From These Roots (History)

From These Roots
 
Beyond the heritage, which is found in the lives of men and women, stands our Church itself.  The seed of existence that was sown by the prophetic leaders of the past has sprung into a tree of reality and spread its roots far and deep into the hearts and souls of mankind.  It is from these roots that we reflect, with admiration the efforts of our founders and promoters of the divine human organization - Second African Baptist Church.
 
The origin of Second African Baptist Church had its beginning as early as 1720 when Negroes, both free and slave, took an active part in the religious affairs of white churches.  The foresight of freedom was sown when Deacon Henry Francis and Henry Cunningham were ordained as Baptist Ministers during the early months of the year 1802.  The Rev. Henry Cunningham, with many brothers and sisters, received their letters from the White Savannah Baptist Church.  The newly ordained Minister and his followers chose a site for their church.
 
The edifice, a “comfortable building 67 feet by 30 feet,” was completed by December of the same year and officially established as the Second Colored Baptist Church.  The address, which remains the same today, is 123 Houston Street.  Some of the more financially able free African Americans of that day composed the pioneer members including Evans Grate, Richard Houston, Susan Jackson, Leah Simpson, Charlotte Walls, and Elizabeth (Betsey) Cunningham.
 
Armed with Words of God, under the energetic leadership of young Reverend Cunningham, and new edifice, Second Colored Baptist became the Mecca or a sign of hope to young and hopeful Negroes.  She trained more black preachers than any other Baptist Church (black or white) in the country.  Up to the year 1848, Second Baptist Church had furnished First African Baptist five of her six pastors.
 
Except for 3 years, Rev. Cunningham pastored Second Colored Baptist Church from 1802 to 1808 and then from 1813 until his death on March 29, 1842.  What was the church really like under Cunningham?  What were his sermons all about?  What were the services like?  Few records exist, however in 1833, to “protect” the religious freedom enjoyed by blacks, the name of Second African Baptist Church (previously changed from Second Colored Baptist Church) was changed by its pastor and members to Second Baptist Church.  The limited information that exists on sermons in black churches of that time indicates that the sermons provided blacks with the inner strength to persevere until their change came.  For baptismal the black churches in Savannah did not have a baptismal pool; hence members were baptized in the Savannah River.  The Lord’s Supper was administered quarterly, the business conferences were held monthly and singing was a distinctive and important part of the service.  From 1802 until the early 1840's, church membership grew steadily. In 1841, the church membership was 1,454.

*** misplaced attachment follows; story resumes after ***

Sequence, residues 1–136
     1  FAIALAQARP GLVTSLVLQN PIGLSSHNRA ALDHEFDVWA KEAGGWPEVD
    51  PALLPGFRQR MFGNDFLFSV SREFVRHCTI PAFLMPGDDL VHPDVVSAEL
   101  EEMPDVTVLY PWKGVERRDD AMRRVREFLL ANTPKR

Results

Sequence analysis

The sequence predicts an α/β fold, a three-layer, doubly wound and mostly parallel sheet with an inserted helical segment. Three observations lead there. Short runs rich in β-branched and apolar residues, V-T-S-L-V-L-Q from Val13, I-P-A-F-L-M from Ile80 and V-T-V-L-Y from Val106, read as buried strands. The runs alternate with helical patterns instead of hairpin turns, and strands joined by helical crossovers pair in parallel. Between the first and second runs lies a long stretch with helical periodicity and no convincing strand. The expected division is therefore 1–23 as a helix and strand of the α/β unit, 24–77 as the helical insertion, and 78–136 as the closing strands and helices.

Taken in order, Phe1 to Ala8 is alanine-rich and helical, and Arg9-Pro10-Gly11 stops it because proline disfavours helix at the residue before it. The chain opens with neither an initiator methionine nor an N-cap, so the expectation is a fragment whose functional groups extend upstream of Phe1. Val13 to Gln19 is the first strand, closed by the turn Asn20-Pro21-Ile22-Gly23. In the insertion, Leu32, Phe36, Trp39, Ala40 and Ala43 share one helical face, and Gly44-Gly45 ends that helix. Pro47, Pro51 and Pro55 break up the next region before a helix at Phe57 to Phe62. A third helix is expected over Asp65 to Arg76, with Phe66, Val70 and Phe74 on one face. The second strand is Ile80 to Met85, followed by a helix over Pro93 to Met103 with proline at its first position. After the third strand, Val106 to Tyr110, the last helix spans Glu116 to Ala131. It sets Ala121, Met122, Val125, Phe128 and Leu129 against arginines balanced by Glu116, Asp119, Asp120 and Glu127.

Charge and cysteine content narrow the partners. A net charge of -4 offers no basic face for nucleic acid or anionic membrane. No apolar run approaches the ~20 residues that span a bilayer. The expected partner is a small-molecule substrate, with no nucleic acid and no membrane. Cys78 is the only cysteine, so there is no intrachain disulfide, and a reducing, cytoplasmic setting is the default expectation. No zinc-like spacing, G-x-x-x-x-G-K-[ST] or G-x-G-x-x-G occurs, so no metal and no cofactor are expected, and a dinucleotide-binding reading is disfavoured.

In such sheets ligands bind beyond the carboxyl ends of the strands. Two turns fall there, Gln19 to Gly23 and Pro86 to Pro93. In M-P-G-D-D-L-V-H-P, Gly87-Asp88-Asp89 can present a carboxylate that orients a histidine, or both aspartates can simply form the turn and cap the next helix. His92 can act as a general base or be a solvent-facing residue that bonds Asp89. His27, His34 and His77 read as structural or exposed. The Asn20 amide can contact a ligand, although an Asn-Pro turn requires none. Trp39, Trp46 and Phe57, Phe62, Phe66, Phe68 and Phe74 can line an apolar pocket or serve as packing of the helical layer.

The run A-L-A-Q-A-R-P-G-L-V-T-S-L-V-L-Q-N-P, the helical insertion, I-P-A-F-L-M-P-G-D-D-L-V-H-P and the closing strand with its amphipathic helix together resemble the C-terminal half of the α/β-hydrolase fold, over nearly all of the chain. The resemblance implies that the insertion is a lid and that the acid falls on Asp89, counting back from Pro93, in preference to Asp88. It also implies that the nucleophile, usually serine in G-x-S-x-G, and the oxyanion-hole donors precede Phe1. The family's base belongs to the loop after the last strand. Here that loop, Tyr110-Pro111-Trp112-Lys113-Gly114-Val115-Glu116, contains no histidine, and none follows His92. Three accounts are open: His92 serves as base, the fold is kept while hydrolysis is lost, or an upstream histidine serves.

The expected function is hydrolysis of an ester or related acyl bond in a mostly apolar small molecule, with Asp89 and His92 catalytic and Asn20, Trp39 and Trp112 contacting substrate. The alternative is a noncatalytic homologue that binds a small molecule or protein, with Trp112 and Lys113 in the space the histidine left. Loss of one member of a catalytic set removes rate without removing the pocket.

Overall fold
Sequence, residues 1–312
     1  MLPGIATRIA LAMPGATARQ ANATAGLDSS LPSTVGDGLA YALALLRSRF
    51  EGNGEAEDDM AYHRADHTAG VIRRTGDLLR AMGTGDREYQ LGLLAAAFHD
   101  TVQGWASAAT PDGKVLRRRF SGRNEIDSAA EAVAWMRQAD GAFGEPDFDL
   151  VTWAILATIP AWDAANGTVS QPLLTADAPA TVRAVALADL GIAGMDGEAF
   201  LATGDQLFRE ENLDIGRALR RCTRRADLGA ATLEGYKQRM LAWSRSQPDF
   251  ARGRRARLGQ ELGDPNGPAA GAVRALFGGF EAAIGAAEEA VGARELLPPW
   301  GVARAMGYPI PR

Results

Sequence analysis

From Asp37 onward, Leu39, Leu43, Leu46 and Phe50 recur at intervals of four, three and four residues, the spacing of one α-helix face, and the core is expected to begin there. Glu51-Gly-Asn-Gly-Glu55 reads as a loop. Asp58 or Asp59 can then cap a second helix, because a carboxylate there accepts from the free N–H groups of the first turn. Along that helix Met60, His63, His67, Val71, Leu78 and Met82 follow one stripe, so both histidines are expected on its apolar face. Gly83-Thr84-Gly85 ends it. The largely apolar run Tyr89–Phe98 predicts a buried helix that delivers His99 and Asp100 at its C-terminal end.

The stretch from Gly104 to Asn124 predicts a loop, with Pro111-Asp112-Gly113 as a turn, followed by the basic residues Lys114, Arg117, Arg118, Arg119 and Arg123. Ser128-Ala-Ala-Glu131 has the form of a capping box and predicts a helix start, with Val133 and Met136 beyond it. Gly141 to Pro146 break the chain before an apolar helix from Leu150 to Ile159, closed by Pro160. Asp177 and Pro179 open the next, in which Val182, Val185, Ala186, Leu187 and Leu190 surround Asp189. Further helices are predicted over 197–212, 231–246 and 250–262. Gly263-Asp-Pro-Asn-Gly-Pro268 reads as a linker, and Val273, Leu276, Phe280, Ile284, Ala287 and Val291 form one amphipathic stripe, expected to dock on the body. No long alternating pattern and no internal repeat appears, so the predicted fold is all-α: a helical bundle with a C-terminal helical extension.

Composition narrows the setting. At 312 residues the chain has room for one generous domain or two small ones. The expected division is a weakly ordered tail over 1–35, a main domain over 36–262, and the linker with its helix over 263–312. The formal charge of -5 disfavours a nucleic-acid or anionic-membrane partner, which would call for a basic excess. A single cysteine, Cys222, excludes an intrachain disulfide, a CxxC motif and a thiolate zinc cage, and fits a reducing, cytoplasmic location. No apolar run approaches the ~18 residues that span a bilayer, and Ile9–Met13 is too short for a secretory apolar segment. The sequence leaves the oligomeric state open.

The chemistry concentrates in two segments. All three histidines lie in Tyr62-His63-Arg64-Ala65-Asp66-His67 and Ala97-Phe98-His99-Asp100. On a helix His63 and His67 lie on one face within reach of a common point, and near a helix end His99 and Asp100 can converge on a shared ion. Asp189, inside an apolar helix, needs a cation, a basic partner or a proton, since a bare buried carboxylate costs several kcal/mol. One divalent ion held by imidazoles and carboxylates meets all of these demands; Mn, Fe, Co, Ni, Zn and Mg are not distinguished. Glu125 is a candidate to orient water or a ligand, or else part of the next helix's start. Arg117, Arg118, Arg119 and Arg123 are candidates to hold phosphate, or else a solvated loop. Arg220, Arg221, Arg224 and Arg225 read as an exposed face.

In 1841, Rev. Thomas Anderson, a son of the church, returned to replace Reverend Cunningham who had become incapacitated.  In 1842, after Cunningham’s death, he was called as pastor.  In spite of the fact that he was then the pastor of the First African Baptist Church, Rev. Anderson accepted the call and served well until 1848.
 
Upon the death of Rev. Anderson, Rev. John Cox was called to the pastorate of the church.  He was a masterful minister and served well during the stormy and uncertain years of the Civil War.  During the 58th Anniversary of the church in 1864, Pastor Cox and the church were hosts to Secretary of War Edwin M Stanton and General William T. Sherman, during the liberation of the slaves of Savannah, and this section of Georgia and South Carolina.  An overflow crowd crammed into Second Baptist Church for the great event.  A marker commemorating the event when Rev. Cox and the church were hosts to the emancipation authorities, was placed in Greene Square and given to the City.
 
Reverend John Cox served until his passing in 1870.  The church then selected Rev. H. L. Simpson of Ontario, Canada as it’s pastor.  After his death in 1881, Reverend Alexander Ellis was called as pastor.  Rev. Ellis completed his service in 1890 and then organized the Beth-Eden Baptist Church of Savannah.  Two years later the Rev. J. J. Durham was called to the pastorate of the church from Morris Street Baptist Church, Charleston, S.C. Dr. Durham was a doctor of medicine and divinity, a blacksmith, scholar, lecturer, botanist and preacher.  This great leader baptized more converts than any minister before or after his administration.  Church minutes for the period also indicates that the church had a rather busy program at this time.  A multiplicity of activities were sponsored by the Sunday School, the various clubs within the church, and the regular organizations and committees.  Excursions during the summer were among the regular entertainment.  It was also during Dr. Durham’s pastorate that Second Baptist Church celebrated its 100th Anniversary in December 1902.